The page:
Manmade coral reefs and Seabins: The best green innovations to mark the World Ocean Summit

The oceans are suffering from biodiversity loss

Leaders from around the world have convened for the sixth World Ocean Summit in Abu Dhabi (5-7 March). The three-day conference has seen more than 75 influential speakers implore more than 400 guests from business, government and technology spheres to alleviate some of the key strains damaging the oceans.

Already at a near-irreversible level, plastic pollution into the oceans is set to treble in the next decade. As plastic pours in, fish are being dragged out; more than 90% of the world’s fish stocks and 30% of the world’s oceans are either overfished or fully exploited. Then we have climate change, which is increasing the temperatures of the oceans, creating harmful consequences such as deoxygenation and acidification.

Governments, scientists and businesses are attempting to alleviate some of these trends. A new One Ocean Growth hub was launched in January by Science and Universities Minister Chris Skidmore. Led by the University of Strathclyde the hub aims to connect researchers with communities to help cut ocean pollution and deliver against the aims of Sustainable Development Goal 14 – Conserve and sustainably use the oceans, seas and marine resources.

However, the plethora of problems eating away at the health of the oceans has created an urgent need for innovative new solutions. To mark the World Ocean Summit, edie has round-up six of the best solutions to boost the health of this blue planet. Enjoy.

Plastic-eating Seabins

There are hundreds of innovations aimed at reducing the volume of single-use plastics in the oceans, but the Seabin has proved a hit amongst edie readers. The product came second in edie’s “best green innovations of 2017” vote behind streetlamp vehicle chargers.

The Seabin is a device that uses natural fibre bags and an automated pump to suck up pollutants in the water and funnel out clean water. Oil can even be included as part of the waste collection, and the system can collect 1.5kg of waste daily.

Notable trials include Land Rover BAR’s use of the Seabin at Portsmouth Harbour. Over the course of the year, a single Seabin bag can collect 20,000 plastic bottles or more than 80,000 plastic bags. It was originally unveiled in 2015, but has only just reached a crowdsourcing target of $250,000. Similar trials will be conducted at Port Adriano in Spain and the Port of Helsinki in Finland.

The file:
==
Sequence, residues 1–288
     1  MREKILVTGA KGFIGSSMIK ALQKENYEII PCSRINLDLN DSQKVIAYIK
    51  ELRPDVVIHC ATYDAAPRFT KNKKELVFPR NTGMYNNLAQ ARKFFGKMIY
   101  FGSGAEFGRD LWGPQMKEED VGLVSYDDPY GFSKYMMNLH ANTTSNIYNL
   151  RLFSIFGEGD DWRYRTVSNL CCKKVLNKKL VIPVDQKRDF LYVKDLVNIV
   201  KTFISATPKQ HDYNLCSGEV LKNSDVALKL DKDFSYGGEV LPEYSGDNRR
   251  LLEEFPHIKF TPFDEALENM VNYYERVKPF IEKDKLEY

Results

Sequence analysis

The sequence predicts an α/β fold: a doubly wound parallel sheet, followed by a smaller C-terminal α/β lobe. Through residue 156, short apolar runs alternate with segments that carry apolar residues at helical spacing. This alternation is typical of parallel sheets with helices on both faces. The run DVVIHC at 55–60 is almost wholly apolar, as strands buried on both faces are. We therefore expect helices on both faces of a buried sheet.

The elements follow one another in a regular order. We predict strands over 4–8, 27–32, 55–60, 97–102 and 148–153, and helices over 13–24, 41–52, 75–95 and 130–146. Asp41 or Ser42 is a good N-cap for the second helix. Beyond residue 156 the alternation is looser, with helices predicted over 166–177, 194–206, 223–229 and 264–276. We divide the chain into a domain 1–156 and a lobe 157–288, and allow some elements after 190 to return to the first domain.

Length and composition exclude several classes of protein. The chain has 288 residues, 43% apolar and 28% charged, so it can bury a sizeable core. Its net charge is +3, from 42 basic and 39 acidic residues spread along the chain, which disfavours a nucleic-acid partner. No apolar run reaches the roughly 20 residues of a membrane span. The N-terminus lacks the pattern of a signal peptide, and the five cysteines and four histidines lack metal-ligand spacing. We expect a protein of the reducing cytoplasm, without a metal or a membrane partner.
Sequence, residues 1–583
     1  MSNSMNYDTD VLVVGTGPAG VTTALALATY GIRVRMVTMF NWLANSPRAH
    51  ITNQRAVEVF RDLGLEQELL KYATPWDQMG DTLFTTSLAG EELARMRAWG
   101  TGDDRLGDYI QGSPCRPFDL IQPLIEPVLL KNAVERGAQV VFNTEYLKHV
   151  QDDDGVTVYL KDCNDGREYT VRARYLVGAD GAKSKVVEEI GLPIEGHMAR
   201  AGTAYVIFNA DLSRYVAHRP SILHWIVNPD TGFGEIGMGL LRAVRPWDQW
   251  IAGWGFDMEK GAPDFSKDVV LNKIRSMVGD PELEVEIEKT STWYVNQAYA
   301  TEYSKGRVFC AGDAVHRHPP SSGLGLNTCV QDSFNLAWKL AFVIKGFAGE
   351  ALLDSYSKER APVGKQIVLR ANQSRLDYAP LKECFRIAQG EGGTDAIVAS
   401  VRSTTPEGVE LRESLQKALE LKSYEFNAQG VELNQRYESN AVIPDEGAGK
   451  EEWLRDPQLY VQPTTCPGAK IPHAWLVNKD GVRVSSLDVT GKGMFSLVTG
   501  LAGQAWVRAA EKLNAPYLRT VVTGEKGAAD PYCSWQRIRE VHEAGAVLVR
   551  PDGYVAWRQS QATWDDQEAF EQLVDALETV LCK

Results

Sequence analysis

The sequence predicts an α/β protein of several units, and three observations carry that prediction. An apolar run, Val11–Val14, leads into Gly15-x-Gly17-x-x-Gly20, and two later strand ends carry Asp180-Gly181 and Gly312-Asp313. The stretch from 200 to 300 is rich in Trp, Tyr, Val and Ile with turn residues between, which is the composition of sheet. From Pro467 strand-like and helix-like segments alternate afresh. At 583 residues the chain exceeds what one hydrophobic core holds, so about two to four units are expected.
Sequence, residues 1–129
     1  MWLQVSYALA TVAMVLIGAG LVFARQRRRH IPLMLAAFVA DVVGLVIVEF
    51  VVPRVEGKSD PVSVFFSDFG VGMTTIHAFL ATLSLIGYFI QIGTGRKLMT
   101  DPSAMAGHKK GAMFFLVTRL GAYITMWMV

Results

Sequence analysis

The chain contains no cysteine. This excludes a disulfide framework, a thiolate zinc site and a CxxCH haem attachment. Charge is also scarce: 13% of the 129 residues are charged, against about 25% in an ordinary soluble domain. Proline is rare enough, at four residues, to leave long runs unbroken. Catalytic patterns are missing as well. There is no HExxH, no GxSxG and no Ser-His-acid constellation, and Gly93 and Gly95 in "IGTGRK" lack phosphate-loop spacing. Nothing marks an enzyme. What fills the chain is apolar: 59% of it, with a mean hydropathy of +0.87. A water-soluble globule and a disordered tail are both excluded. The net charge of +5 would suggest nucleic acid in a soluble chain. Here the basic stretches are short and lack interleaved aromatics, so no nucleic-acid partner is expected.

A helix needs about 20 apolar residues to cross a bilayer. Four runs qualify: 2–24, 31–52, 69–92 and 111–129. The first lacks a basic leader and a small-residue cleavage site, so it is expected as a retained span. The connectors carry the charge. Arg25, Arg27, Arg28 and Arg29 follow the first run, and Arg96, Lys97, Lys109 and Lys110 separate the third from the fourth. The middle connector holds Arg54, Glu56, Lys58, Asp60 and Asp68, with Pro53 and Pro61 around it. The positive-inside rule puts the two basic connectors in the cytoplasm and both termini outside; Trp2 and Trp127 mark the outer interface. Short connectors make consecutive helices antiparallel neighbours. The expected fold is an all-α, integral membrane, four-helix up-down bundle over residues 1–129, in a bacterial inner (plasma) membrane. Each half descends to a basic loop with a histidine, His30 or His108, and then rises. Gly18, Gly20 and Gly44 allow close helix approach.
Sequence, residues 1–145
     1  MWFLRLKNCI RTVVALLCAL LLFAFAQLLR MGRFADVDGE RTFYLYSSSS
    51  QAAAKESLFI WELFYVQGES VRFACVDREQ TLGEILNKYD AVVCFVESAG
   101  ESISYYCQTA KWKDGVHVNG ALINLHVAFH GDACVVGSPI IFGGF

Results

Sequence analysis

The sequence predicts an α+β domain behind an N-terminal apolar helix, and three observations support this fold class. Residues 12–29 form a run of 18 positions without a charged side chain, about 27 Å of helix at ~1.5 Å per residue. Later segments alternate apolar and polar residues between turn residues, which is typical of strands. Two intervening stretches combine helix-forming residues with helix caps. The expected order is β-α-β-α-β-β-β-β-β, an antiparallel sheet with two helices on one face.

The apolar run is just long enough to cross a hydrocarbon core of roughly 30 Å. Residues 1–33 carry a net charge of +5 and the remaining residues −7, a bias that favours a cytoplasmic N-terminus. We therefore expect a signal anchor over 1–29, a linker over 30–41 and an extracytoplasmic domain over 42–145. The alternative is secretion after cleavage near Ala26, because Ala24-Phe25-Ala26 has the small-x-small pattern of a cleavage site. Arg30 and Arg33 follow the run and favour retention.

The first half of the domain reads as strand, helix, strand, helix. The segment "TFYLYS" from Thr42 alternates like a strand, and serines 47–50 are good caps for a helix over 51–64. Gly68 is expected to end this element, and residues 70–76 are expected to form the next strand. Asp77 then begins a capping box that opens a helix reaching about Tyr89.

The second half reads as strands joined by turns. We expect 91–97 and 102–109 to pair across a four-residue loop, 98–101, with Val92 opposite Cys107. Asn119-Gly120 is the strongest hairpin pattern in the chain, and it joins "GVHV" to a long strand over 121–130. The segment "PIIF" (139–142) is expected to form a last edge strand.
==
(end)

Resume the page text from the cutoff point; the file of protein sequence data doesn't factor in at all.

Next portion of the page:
Low-carbon shipping fuel from dead fish

According to a report by the European Parliament, the international shipping industry is currently responsible for about 2.5% of global CO2 emissions – but this proportion could rise to 17% by 2050 if the sector is left unregulated and without innovative solutions. The sector needs to spur itself towards the International Maritime Organisation’s (IMO) 2050 target of halving CO2 emissions from 2008 levels.

With the electrification of the shipping sector still in its infancy, cruise firm Hurtigen is among the firms taking an innovative approach to decarbonisation. The company recently unveiled plans to trial a closed-loop fuel made from liquefied organic waste across its fleet of 17 cruise liners late last year.

Called liquefied biogas (LGB), the fuel is produced by processing dead fish wasted from the fishing and animal feed industries, along with other organic waste, into a liquid oil. The oil is then heated until it reaches a gaseous state, and stored in canisters ready for combustion. The move comes after Hurtigen, which is in the process of investing $850m into green innovations by 2022, launched its first hybrid-electric ship earlier this year.

Steel-structured coral reefs

The Great Barrier Reef, one of the most iconic natural wonders of the world, is believed to have lost more than half of its coral cover, largely due to rising sea temperatures and pollution. These problems are only set to worsen as time goes on, with the Intergovernmental Panel on Climate Change (IPCC) concluding that a global temperature increase of 2C – the less ambitious of the trajectories outlined in the Paris Agreement – would result in the complete eradication of all natural coral reefs.